Edward P. Mangano is an American politician from the state of New York. A Republican, he was the County Executive from January 2010 to December 2017, a former legislator in Nassau County, New York, he served seven terms as a county legislator. In November 2009, he defeated incumbent Thomas R. Suozzi for Nassau County Executive. In November 2013, he was re-elected, again defeating Suozzi, by 59% to 41%. On October 2016, a 13-count federal indictment for fraud and bribery was unsealed in the U. S. District Court for the Eastern District of New York against Mangano, his wife Linda, Oyster Bay Town Supervisor John Venditto, he did not seek reelection in 2017. He was convicted in March 2019. Edward Mangano was raised in Bethpage, New York, one of three siblings born to John and Rachel Mangano. During high school he worked as a janitor. While pursuing undergraduate and law degrees from Hofstra University Mangano found the time to have a successful career in printing and publishing newspapers and, in 1988, was admitted to the New York State Bar.
Additionally he went on to serve as counsel to Rivkin Radler, on Long Island. He and his wife, have two children. Mangano represented the 17th legislative district of Nassau County as County Legislator for seven terms, from 1996, when the legislature was first formed, until 2009; this district includes areas of Bethpage, Plainedge, South Farmingdale and Syosset. He served on the Rules Committee, the Public Works Committee, the Recreation and Parks Committee, the Procedures Committee, the Economic and Community Development Committee, he was replaced by fellow Republican Rose Marie Walker. Mangano was the recipient of an award from New York's League of Conservation Voters for "working to preserve open space and setting aside $5 million for the acquisition of the Underhill Property" and for "fighting for the “Clean Water/Clear Air bond act funding for the purpose of ground water protection". In the spring of 2009, Legislator Mangano began a campaign for Nassau County Executive, his platform included promises to cut wasteful spending and fix Nassau's broken property tax assessment system, repeal the new tax on home energy and electricity use, halt the practice of borrowing and relying on debt to pay current expenses.
In an upset in the November 2009 election, Mangano narrowly defeated the incumbent, Thomas Suozzi, winning the county executive position by 386 votes. He led the Republicans to a major victory, in which they took three of the four count-wide positions, regained control of the County Legislature. In October 2009, Mangano's brothers business, New Media Printing, in Bethpage was found to have more than $900,000 in federal and state tax liens. Mangano stated. Mangano promised that if elected, he would repeal a $38 million home energy tax on homeowners passed by former County Executive Tom Suozzi, which cost households on average $7.27 a month. During his inaugural address, Mangano fulfilled his promise by signing an executive order to repeal the tax as of June 1, 2010, his administration estimated the repeal would save families and seniors hundreds of dollars each year. He eliminated a 13% property tax hike proposed by Suozzi. Due to the lost revenue from the tax cut, the Nassau County Interim Financial Authority found that the county's $2.6 billion budget was out of balance by $176 million.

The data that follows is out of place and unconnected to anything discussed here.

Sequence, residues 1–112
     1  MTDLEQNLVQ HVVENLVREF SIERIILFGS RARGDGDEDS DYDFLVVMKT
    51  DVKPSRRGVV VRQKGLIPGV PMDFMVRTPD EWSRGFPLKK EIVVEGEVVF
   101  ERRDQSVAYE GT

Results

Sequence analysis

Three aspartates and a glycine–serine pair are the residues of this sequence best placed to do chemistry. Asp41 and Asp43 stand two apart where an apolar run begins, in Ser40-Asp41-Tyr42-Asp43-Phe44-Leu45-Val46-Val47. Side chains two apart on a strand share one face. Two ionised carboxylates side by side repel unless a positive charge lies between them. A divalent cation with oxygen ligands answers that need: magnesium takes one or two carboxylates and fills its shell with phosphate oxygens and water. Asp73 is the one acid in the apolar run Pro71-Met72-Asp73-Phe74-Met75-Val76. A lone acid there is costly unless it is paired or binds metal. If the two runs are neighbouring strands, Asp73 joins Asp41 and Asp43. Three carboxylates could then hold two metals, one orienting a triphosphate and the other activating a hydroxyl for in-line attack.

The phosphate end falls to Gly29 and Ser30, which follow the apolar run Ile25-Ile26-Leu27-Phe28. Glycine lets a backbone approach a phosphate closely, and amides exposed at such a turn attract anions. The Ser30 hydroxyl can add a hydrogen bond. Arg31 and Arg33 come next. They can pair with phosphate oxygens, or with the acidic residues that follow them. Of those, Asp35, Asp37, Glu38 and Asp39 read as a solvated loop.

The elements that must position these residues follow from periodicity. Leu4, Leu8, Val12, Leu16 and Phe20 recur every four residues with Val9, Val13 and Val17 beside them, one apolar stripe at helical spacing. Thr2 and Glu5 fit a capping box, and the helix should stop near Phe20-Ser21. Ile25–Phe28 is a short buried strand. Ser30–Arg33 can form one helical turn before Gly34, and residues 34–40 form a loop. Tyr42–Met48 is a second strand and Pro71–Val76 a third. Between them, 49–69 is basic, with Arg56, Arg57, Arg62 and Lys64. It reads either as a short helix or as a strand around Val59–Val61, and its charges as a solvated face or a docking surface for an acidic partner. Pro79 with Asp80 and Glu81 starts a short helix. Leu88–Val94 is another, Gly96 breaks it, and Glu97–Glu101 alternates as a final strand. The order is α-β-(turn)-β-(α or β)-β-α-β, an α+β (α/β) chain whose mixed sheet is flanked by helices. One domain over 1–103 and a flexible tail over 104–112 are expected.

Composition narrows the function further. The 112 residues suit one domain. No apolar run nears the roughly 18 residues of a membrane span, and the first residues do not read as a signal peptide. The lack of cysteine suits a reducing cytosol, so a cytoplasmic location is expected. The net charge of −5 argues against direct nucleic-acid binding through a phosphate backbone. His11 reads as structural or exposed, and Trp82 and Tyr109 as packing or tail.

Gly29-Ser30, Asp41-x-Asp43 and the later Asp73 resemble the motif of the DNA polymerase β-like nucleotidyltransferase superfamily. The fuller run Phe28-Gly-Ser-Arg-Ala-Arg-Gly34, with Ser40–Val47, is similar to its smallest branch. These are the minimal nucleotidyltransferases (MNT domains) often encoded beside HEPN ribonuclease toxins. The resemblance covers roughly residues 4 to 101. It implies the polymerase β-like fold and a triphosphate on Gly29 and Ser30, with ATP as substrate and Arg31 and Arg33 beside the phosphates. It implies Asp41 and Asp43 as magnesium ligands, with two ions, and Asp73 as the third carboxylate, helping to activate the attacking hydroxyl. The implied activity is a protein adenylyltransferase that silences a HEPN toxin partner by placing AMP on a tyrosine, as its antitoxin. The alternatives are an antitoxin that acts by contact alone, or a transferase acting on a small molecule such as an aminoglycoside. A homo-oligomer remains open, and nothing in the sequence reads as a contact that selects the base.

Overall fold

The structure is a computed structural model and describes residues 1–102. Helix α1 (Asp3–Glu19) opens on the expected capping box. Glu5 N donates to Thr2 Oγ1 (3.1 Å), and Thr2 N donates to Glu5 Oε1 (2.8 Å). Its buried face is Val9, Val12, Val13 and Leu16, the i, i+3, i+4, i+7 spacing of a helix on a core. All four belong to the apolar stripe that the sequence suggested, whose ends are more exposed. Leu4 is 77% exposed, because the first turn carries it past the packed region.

This led Moody's Investors Service to put its finances on outlook negative. NIFA did not consider Mangano to have a satisfactory plan to make up for the lost revenue, seized control of the county's finances; this outcome was called "a cautionary tale" and "a black eye for the Tea Party" by Reuters, although it was noted that much of the county's financial problems had been inherited from a previous financial crisis in 1999 under the administration of then-County Executive Thomas Gulotta which had led to the original creation of NIFA. In his proposed 2011 budget, Mangano proposed the removal of the county guarantee, a policy that saw Nassau County repaying taxes that were wrongfully collected and distributed to school taxes. Under the new policy school districts in Nassau, like the rest of the country, would be responsible for returning funds collected in error; this was met with heated opposition by the school districts, who objected that they would be forced to begin setting money aside to pay the property tax refunds starting in 2013.
The budget was approved by the Nassau County legislature on October 30, 2010, with all 8 Democrats voting against and all 11 Republicans voting in favor. Mangano has implemented several tax initiatives including "$35.6 million in revenue" garnered "from increased real estate fees that" have added "hundreds or thousands of dollars to the cost of buying, selling or refinancing properties in the county." A CBS news story about the proposed inclusion of a $105 surcharge for every issuance of a traffic or parking ticket in Nassau County quoted several county residents deriding potential fallout from such fees. On October 5, 2016, Nassau County legislature Democrats opposed Mangano's tax plan, claiming it was a 9.4% tax increase. The property assessment system in Nassau County had been blamed for costing taxpayers $250 million each year, including $100 million in refunds and $150 million in interest on debt incurred to pay tax settlements in previous years. In all, this accounts for $1.13 billion of the county's $2.45 billion in outstanding debt.